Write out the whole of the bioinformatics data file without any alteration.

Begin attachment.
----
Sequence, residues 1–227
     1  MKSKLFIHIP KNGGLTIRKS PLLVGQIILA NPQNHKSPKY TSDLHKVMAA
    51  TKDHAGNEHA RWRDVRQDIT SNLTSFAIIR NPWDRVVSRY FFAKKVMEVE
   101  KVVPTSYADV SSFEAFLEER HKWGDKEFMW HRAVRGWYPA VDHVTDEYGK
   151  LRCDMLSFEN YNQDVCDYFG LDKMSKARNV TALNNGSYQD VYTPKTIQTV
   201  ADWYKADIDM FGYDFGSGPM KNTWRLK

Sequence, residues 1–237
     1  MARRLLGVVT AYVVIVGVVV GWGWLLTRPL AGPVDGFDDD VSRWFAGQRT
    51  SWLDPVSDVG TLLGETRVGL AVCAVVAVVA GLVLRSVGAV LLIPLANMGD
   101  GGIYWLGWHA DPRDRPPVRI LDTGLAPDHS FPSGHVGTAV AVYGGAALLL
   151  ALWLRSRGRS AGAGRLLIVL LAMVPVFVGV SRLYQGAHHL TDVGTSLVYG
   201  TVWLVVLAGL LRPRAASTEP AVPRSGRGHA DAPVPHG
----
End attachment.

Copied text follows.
Sequence, residues 1–227
     1  MKSKLFIHIP KNGGLTIRKS PLLVGQIILA NPQNHKSPKY TSDLHKVMAA
    51  TKDHAGNEHA RWRDVRQDIT SNLTSFAIIR NPWDRVVSRY FFAKKVMEVE
   101  KVVPTSYADV SSFEAFLEER HKWGDKEFMW HRAVRGWYPA VDHVTDEYGK
   151  LRCDMLSFEN YNQDVCDYFG LDKMSKARNV TALNNGSYQD VYTPKTIQTV
   201  ADWYKADIDM FGYDFGSGPM KNTWRLK

Sequence, residues 1–237
     1  MARRLLGVVT AYVVIVGVVV GWGWLLTRPL AGPVDGFDDD VSRWFAGQRT
    51  SWLDPVSDVG TLLGETRVGL AVCAVVAVVA GLVLRSVGAV LLIPLANMGD
   101  GGIYWLGWHA DPRDRPPVRI LDTGLAPDHS FPSGHVGTAV AVYGGAALLL
   151  ALWLRSRGRS AGAGRLLIVL LAMVPVFVGV SRLYQGAHHL TDVGTSLVYG
   201  TVWLVVLAGL LRPRAASTEP AVPRSGRGHA DAPVPHG